State Superintendent of Schools Tom Luna presented SB 1199 to the joint hearing this morning of the House and Senate Education committees. He summarized the bill, noting that it sets policy for the public schools budget in two areas, both on just a one-time basis: Authorizing district-directed merit bonuses, and allowing for technology pilot project grants to districts for one to two years.
House and Senate committee members are now asking Luna questions about the bill. Sen. Branden Durst, D-Boise, questioned whether the bonuses would impact other legislation setting triggers regarding when districts can cut teacher pay from one year to the next. Luna responded, “This $21 million is not an increase to the amount we are spending on teacher compensation.” He noted that in this year’s budget, there was $38 million for teacher merit bonuses, under the now-repealed “Students Come First” laws.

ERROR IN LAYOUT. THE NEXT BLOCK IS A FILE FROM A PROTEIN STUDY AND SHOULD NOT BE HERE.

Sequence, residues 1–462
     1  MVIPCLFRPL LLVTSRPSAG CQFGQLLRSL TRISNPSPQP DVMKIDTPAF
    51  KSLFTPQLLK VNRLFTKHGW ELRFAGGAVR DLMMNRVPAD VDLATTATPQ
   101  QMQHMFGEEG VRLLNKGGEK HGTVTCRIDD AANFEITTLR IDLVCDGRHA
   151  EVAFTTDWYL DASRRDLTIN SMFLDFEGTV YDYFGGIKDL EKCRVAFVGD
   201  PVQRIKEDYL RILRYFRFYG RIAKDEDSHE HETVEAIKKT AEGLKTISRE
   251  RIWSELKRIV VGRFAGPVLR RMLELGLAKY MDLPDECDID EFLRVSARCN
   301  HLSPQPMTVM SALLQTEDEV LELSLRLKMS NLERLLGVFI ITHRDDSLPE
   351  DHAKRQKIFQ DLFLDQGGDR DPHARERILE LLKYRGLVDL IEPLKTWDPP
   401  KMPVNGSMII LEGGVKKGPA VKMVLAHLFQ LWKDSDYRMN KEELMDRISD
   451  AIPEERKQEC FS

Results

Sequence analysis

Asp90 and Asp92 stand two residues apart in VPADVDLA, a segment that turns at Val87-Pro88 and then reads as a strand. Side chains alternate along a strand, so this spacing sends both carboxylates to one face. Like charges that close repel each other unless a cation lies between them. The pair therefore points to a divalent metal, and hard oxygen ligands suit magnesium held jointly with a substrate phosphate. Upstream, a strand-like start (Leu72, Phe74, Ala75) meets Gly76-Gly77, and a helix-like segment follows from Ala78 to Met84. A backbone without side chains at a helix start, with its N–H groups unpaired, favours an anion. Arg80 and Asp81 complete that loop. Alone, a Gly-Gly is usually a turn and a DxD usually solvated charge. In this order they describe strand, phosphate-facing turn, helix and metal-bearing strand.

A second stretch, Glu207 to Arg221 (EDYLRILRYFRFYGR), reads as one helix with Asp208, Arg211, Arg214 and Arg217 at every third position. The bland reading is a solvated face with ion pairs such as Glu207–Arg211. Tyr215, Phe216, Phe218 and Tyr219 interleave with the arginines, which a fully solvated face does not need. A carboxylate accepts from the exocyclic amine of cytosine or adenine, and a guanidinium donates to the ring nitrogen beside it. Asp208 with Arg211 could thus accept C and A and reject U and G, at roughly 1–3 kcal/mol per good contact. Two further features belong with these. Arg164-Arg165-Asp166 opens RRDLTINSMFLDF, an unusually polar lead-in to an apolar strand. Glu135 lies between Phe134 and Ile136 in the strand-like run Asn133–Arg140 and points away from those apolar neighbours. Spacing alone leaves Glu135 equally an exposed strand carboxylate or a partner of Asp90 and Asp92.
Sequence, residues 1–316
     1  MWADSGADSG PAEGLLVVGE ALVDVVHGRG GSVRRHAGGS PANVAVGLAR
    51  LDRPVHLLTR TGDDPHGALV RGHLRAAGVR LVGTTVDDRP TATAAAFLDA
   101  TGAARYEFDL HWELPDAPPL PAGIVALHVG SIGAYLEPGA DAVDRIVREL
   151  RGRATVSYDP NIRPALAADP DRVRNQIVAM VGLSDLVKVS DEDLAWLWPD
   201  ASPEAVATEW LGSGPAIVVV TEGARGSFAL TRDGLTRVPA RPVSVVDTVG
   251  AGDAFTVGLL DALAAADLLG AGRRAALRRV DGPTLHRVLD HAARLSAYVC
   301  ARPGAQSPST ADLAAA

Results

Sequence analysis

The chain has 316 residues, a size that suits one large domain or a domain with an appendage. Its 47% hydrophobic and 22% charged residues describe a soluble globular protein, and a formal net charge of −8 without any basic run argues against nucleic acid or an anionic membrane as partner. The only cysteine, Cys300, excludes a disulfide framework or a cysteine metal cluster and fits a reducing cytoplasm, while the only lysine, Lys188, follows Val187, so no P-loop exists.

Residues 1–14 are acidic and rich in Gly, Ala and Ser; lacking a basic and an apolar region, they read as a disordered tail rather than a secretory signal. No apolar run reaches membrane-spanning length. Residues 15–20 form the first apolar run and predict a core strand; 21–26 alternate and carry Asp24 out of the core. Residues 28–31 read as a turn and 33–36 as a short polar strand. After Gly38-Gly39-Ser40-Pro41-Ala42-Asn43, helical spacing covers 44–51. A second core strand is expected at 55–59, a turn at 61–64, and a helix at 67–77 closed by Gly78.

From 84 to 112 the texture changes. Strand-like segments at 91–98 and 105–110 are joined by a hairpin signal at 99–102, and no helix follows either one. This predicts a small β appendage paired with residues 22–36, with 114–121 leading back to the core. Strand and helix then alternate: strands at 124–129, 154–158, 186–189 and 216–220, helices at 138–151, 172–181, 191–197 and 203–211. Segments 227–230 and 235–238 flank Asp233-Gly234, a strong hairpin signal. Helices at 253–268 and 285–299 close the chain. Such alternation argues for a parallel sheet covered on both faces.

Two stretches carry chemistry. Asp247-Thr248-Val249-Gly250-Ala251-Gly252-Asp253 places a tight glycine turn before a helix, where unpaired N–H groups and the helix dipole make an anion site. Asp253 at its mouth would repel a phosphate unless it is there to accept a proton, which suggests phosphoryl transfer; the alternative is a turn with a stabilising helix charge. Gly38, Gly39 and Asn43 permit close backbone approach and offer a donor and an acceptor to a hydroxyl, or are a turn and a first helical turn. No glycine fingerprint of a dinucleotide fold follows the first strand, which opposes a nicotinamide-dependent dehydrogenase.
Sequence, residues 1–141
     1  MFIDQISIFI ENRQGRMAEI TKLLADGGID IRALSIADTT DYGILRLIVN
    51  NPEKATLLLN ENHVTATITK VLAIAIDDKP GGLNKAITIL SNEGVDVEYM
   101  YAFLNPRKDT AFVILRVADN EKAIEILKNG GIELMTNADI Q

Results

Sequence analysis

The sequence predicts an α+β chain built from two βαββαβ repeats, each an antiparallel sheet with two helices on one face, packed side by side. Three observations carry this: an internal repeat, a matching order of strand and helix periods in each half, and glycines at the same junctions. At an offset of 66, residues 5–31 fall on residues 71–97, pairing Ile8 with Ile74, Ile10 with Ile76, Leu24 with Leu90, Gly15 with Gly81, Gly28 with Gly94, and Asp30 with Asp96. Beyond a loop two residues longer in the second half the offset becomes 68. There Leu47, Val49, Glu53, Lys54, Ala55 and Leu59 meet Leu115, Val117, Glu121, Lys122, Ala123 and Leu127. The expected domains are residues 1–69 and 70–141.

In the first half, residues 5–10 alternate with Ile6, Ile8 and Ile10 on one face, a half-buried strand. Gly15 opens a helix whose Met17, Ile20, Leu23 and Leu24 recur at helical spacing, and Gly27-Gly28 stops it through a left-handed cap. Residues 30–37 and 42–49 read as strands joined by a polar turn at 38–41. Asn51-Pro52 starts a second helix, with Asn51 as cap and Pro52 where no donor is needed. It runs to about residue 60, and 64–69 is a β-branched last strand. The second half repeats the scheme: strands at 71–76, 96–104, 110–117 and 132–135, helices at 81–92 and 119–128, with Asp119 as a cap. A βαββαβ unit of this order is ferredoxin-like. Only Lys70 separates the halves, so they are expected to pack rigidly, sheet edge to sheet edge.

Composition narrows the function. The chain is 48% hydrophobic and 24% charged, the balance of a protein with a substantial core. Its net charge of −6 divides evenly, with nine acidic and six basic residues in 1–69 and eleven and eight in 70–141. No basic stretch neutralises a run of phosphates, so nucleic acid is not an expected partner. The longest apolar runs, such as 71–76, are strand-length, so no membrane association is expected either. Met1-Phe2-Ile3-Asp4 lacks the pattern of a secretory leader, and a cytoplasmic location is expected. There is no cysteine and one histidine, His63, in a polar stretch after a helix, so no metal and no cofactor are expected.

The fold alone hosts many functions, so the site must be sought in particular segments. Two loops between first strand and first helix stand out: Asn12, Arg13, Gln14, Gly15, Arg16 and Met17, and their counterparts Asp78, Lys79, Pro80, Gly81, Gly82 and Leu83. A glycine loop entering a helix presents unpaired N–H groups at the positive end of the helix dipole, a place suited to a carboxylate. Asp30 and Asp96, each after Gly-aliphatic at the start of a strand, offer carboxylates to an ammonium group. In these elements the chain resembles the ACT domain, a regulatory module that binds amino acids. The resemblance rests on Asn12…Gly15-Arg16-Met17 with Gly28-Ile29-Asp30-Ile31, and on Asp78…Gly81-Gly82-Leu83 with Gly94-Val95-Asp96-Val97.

The $21 million for one-time bonuses next year would go out based on individual school districts plans, which could include using up to 40 percent of the money for professional development. Incidentally, the $21 million figure doesn’t appear in SB 1199, which contains no dollar figures; those are left up to JFAC to set, but Luna indicated they’re expected to remain largely the same as those specified in the earlier, Senate-rejected public school budget. That was $21 million for the bonuses and professional development, and $3 million for tech pilot project grants.